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The Margin of Error
Old 06-04-2008, 11:27 PM   #1
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The Margin of Error

The margin of error is usually defined as, "the radius of a confidence interval".

I don't know if any of you read the three part Wall Street Journal article on the Bear Stearns collapse, but it is worth reading if you can find it in the library or elsewhere.

The part that interested me was the reason stated for the Fed stepping in. It was the Fed's judgment, and that of other Wall Street luminaries, that a straight collapse would have driven the market down, "2000 points".

I think we should all contemplate that for a moment. It is easy to say, "Yes, but it didn't happen." Yet, my thought is, "It didn't happen, but what is the margin of error in a market like this?"

Are things that shaky? Apparently so.

boont
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My thoughts on this...
Old 06-05-2008, 08:45 AM   #2
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My thoughts on this...

It all depends on where you are in your "financial life".

In '87, I was investing for retirement (e.g. IRA/401K) for five years. I had a bit of panic due to that downturn, but others told me - you're young; don't worry about it.

In 2000-01 I was still working, still investing for retirement. When the market turned down, I (and my DW) had been in the market for 18+ years and had a few "scares" along the way. However, we paid off our note (mortgage) in late 1999 and directed our payment to increase our retirement investments. By that time, I understood the idea of "buying cheap".

By 2005, I started looking at our joint portfolio, and "crunching the numbers". They revealed that we could probably retire at 100% of our current net income. However, being "only 57", my DW thought I was crazy to want to retire (all her relatives worked till 62-65).

Anyway, at the time I decided to keep on till I could not take the j*b anymore. I started to reposition our portfolios from 90/10 to 60/40, putting a portion in MM's.

I retired last year (age 59). At that time, I purchased a SPIA with the value of 10% of our joint portfolio (another thread on annuities, which I won't get into here).

So here I am (in a "down" market). I took some of the money "off the table" by getting the annuity. I removed some of the "risk" by bumping up my MM (along with my DW's account, since she is expected to retire within the year).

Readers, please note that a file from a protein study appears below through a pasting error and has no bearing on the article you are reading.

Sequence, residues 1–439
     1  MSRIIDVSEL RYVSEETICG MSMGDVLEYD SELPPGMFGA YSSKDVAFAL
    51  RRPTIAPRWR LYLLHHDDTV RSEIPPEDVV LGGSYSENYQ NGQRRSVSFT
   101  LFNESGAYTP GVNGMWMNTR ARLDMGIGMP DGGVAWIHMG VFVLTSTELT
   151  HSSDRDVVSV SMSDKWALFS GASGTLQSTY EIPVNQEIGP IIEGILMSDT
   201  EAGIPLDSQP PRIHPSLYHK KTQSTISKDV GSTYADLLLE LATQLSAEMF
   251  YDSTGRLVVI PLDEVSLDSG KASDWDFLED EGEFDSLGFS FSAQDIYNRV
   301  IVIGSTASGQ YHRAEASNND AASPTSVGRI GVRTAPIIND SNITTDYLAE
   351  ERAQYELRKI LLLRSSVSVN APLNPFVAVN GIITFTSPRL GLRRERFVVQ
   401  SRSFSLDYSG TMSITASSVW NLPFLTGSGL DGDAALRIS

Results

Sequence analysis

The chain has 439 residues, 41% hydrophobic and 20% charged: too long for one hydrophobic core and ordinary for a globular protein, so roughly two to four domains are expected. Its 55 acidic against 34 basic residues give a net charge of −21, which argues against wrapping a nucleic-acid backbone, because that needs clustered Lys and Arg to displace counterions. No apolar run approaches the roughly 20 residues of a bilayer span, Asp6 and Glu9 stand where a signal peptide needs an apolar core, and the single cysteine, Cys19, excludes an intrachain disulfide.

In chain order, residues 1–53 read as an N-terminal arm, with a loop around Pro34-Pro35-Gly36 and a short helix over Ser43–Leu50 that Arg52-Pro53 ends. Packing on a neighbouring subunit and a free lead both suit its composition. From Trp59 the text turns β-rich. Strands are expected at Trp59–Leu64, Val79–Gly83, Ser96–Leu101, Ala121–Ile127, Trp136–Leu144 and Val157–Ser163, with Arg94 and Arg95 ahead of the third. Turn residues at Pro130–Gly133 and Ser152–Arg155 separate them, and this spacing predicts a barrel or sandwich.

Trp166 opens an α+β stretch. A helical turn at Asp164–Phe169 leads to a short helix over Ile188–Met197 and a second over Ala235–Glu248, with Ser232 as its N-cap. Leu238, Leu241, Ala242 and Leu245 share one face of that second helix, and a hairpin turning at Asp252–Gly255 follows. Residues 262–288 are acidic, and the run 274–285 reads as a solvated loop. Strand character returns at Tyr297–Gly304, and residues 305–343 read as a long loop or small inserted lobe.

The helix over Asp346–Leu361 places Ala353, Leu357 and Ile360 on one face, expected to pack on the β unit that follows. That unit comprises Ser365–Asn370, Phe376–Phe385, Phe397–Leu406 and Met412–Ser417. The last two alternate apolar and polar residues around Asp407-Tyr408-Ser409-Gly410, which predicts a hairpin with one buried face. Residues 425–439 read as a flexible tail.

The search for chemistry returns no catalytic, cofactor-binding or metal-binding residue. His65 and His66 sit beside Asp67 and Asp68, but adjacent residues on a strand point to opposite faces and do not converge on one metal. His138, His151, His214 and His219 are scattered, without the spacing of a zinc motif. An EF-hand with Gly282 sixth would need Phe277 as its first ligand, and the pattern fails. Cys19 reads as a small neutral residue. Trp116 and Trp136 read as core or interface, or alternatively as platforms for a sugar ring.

Right now, I'm sitting on cash that will ensure 106% (I increased my budget 6% over last year, when I retired) for 3+ years.

What's happening in the market in any one day/year dosen't bother me (and it should not bother you, especially if you are in the accumulation phase - which I'm not).

My forecast for the future (planned on living till 100 ) is that my DW/me will be funding our charities and still living "the good life" till we pass. Since my planning is for 40 years, our bequeth will either buy a library book, or the wing of a library (of course, with our name on it )...

Current market conditions don't necessarily mean the end of the world. Sometimes, they open the door to great opportunities.

- Ron
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Evaluating Risk
Old 06-06-2008, 03:23 PM   #3
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Evaluating Risk

" Current market conditions don't necessarily mean the end of the world" Ron

Everything in your post assumes that the past will be the same as the future. But tomorrow will not be the same as today, and there is no magic formula that will allow you to predict the future based on the past.

The world is going through a gradual change as to the centers of power. The dollars you hold (cash on hand) have been revalued by a global market. This is a global economy you can't escape the impact of by hiding out in the U.S. The price of gas alone proves that. You are impacted whether you like it or not.

The question is, what can you do about it? If you were an airline you would have bought fuel futures like South West did. Their competitors refused to do that and they are now paying the price.